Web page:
Each of these functions commences with a sequence of operations referred to as the initial access sequence, in which the word specified by the address register 21 is accessed for reading or updating as required, and is returned to the scheduler and/or the processing unit as the case may be. This sequence may in some cases be followed by one or more further sequences for performing look-ahead action.
In the case of a command from the processing unit, the particular function which is to be performed is specified by a five-bit function code in the command. Some of these functions may involve a look-ahead action while others do not.
Two examples of functions which do not involve any look-ahead action are as follows:
RV Read Virtual. This is the basic function for reading a word from virtual store. The word is read from the slave store or main store, as described above. A read access permission check is made and, if successful, the word is passed to the processing unit.
RJ Read Jump Destination. This function is used to initiate a change of instruction sequence. The function causes a word to be read from virtual store as in RV. An execute access permission check is made and, if successful, the word is passed both to the processing unit and the scheduler as the jump destination instruction. The virtual address of the word is also passed to the scheduler as the jump address.
A complete list of non-look-ahead functions is not given here since it is not essential to an understanding of the invention. Briefly, however, other such functions include write functions as well as read functions, and some of these involve real addressing instead of virtual addressing.
The following are the functions which can be generated by the processing unit and which can result in a look-ahead action.
RVL1 Read virtual with look-ahead (one word). This function is intended for reading one of a sequence of single word items which are likely to be at contiguous addresses, but where it is not known whether they are in ascending or descending order. This is similar to the RV function, but may involve a look-ahead action which will be described later.
RVL2 Read virtual with look-ahead (two word). This function is intended for reading the higher-addressed-word of one of a sequence of double word items which are likely to be at consecutive addresses (in ascending or descending order). This is similar to RVLI but with a different look-ahead action.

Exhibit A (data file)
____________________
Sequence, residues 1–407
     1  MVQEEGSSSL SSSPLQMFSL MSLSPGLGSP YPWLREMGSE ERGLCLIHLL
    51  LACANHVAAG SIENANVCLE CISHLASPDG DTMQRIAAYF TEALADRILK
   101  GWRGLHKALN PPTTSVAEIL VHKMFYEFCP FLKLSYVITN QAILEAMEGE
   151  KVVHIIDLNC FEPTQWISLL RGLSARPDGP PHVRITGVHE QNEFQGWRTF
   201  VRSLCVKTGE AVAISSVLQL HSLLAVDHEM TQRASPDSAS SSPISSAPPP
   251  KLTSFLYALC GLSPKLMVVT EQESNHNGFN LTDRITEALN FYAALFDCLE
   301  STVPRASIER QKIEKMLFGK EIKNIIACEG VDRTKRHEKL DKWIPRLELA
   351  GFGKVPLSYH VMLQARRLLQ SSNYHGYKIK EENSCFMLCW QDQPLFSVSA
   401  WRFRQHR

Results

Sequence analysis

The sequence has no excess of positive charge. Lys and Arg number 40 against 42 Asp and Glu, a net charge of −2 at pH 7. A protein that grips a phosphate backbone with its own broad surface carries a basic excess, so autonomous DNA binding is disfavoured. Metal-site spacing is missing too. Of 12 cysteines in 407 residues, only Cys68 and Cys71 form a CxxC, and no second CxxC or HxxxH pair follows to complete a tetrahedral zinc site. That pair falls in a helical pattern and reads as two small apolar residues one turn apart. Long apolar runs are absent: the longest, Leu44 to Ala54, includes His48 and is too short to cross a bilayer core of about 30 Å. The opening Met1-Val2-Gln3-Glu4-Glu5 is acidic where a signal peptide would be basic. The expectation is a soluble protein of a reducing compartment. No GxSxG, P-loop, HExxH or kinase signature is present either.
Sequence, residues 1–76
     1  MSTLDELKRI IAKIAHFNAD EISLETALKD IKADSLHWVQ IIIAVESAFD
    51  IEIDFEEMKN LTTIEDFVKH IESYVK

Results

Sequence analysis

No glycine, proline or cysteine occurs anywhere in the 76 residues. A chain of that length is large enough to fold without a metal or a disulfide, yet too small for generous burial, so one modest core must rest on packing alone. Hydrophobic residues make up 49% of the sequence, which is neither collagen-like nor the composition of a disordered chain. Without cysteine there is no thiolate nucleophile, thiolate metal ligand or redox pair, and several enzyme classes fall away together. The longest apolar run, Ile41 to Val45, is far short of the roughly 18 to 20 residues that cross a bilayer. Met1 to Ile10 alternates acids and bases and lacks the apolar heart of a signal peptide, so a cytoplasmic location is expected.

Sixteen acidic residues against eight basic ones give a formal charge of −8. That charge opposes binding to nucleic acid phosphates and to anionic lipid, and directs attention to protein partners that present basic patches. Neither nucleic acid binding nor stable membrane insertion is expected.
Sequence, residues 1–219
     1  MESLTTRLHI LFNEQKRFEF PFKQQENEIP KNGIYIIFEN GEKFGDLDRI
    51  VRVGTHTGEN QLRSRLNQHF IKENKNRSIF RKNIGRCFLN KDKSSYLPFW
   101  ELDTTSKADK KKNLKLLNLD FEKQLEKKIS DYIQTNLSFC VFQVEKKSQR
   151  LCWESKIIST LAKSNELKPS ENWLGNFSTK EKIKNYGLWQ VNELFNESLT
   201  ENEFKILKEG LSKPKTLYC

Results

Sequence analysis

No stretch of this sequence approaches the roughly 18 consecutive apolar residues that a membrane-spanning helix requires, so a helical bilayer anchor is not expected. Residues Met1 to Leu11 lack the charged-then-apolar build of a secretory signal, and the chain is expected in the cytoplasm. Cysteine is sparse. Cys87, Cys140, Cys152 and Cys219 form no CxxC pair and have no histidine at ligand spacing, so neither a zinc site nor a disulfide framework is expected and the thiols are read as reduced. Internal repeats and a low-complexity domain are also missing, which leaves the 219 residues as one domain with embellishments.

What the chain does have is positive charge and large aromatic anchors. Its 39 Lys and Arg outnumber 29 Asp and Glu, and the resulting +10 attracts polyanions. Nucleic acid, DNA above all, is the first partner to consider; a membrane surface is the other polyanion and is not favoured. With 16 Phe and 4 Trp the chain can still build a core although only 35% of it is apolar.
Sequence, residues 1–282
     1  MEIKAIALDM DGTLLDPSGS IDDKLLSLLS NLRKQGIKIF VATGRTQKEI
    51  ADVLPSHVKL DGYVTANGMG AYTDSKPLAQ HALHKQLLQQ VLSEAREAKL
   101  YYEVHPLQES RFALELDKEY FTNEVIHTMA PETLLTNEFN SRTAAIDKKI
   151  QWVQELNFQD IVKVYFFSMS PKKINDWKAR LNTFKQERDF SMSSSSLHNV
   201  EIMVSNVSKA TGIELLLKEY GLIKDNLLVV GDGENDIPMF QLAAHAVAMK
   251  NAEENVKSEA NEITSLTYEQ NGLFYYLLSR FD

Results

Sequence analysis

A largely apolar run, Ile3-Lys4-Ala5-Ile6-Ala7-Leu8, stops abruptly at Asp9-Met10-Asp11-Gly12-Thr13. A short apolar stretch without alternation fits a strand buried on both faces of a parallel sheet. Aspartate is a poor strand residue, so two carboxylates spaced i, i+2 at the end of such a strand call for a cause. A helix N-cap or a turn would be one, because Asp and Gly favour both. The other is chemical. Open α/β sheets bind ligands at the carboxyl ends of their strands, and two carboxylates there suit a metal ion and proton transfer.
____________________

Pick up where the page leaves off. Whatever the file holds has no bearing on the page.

RVM Read Virtual Multiword. This function is intended for use where a sequence of read accesses are made on an ascending series of contiguous addresses. Basically, it is similar to RV, but including a look ahead.
RVMF Read Virtual Multiword, first. This function is used to prime the data slave store in preparation for a sequence of RVM functions. Basically it is the same as RVM except that it involves double look-ahead action.
RJL Read Jump Destination with look-ahead. This is basically the same as RJ, but may involve a look-ahead.
In the case of a store access command from the scheduler to the SAU, the following function is executed:
RVLS Read Virtual with look-ahead; Scheduler. This function is used by the scheduler to prefetch instructions for execution. It cannot be generated by the processing unit. A word is read from virtual store as in RV, but in this case an execute access permission check is made. If the check is successful, the word is returned to the scheduler. This may be followed by look-ahead action.
Look-ahead action may therefore be invoked by six different functions, five of which come from the processing unit, and one from the scheduler.
In all cases, look-ahead action involves a test to determine whether the look-ahead pair (i.e. the next possible word pair in the sequence) is present in the slave store. If it is not present, that word pair is fetched from the main store and placed in the slave store. In the case of RVMF, the next again possible word pair is also tested and fetched if necessary.